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Tax relief is on the way for longtime Maui families struggling with steep hikes in property taxes

Casey Harlow

Tax relief is on the way for longtime Maui families struggling with a steep hike in property taxes.

The Maui County Council unanimously approved Friday the ʻāina kupuna bill. The measure would amend the county tax code to allow Maui County families who have held onto their land for more than 80 years to dedicate that property as ʻāina kupuna, or ancestral land.

Councilmember Shane Sinenci, who represents East Maui, says the bill will help families going through hard times not only keep their land, but pass it onto future generations.

"For us in East Maui, we have lots of ʻāina kupuna. We have over 200 people listed on those properties. And for us the ʻāina has always been a respite, a puʻuhonua, a safe zone for them to go to," Sinenci said.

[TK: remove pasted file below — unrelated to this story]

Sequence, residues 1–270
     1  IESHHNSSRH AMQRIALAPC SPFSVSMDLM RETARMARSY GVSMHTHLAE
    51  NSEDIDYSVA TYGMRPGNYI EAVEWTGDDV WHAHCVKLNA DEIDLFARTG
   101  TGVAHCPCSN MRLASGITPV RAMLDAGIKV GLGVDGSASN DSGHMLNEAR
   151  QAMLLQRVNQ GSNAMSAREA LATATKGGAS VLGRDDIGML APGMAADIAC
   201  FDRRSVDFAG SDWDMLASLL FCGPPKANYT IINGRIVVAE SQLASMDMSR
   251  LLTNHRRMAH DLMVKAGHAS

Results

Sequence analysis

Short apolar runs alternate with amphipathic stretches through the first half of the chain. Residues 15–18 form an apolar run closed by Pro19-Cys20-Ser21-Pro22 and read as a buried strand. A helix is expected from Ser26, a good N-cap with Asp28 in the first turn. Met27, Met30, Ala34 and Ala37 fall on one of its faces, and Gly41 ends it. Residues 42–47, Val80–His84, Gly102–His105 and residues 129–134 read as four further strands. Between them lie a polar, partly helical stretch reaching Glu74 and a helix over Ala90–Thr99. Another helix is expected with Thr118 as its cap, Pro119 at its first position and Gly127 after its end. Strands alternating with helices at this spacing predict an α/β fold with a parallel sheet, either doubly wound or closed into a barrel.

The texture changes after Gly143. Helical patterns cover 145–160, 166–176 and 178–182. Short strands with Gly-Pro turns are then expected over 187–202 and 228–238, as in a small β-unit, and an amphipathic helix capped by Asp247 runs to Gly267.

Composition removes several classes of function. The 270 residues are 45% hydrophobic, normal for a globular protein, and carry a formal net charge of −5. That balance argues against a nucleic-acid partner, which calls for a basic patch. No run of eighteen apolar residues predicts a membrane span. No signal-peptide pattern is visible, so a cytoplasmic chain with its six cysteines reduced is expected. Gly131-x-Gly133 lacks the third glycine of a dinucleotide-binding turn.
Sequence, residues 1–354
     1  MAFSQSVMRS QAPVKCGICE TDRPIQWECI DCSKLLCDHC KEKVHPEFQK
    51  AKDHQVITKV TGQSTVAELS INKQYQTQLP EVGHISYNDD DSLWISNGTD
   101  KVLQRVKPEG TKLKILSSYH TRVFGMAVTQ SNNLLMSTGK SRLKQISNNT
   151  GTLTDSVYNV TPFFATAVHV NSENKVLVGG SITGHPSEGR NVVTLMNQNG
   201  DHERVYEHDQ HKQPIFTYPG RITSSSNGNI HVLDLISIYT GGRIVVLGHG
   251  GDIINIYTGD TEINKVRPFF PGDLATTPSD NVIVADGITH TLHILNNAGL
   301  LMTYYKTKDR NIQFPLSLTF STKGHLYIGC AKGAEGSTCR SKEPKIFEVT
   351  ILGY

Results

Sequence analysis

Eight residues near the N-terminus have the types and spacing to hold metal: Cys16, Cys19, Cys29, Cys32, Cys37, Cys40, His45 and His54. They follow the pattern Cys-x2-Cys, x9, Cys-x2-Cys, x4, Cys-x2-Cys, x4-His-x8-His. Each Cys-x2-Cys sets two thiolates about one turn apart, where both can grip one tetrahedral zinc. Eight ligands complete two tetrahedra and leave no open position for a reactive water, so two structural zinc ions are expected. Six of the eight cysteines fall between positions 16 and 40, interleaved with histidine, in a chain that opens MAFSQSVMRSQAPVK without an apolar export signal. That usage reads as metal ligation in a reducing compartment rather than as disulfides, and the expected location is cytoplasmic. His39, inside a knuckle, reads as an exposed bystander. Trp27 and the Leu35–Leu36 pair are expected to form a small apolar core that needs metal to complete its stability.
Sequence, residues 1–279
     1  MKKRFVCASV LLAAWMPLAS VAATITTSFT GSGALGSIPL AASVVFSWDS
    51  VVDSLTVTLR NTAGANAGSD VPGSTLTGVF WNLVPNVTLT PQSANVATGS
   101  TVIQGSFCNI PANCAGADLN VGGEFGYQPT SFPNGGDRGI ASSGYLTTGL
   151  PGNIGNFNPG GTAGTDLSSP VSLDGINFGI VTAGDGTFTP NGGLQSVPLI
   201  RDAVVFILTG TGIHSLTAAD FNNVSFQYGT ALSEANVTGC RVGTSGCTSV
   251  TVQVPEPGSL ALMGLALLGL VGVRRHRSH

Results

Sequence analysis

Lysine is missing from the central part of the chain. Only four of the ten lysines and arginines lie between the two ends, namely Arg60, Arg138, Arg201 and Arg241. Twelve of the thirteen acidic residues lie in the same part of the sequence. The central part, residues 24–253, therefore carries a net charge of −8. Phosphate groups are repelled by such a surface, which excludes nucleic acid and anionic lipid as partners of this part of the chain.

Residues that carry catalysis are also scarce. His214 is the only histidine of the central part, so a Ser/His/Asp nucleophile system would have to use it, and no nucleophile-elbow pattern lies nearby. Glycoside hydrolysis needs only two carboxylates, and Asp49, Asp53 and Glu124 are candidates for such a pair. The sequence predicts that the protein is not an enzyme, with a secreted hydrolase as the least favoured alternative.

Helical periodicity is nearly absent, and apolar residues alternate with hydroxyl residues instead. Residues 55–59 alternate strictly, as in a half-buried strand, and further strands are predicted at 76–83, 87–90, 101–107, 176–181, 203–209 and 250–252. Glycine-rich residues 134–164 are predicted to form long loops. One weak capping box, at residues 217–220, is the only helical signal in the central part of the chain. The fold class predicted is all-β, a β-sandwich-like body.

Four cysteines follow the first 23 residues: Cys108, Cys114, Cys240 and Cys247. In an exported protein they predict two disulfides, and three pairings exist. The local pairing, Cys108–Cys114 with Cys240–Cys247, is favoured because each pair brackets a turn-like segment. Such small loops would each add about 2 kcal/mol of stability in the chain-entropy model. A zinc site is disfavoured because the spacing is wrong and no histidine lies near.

"When we’re talking about homeless and no place to go, at least for some families we do have this ʻāina kupuna that serves as a place that grandma and grandpa left not just for one, two, or any particular child but for all of the family to enjoy," he said.

The ʻāina kupuna dedication would last for a period of 10 years. During that time, families would only be subject to the minimum property tax rate — which currently stands at $350 a year.

Many longtime landowners in popular areas of the county have faced skyrocketing property taxes due to land speculators, high-end homes, and resort development.

The Maui County Council voted 9 – 0 in support of the bill. The measure now goes before Mayor Mike Victorino for his signature.

Interested ʻohana are encouraged to contact the Maui County Real Property Tax Division for more information on how to apply.

Kuʻuwehi Hiraishi is a general assignment reporter at Hawaiʻi Public Radio. Her commitment to her Native Hawaiian community and her fluency in ʻōlelo Hawaiʻi has led her to build a de facto ʻōiwi beat at the news station. Send your story ideas to her at khiraishi@hawaiipublicradio.org.
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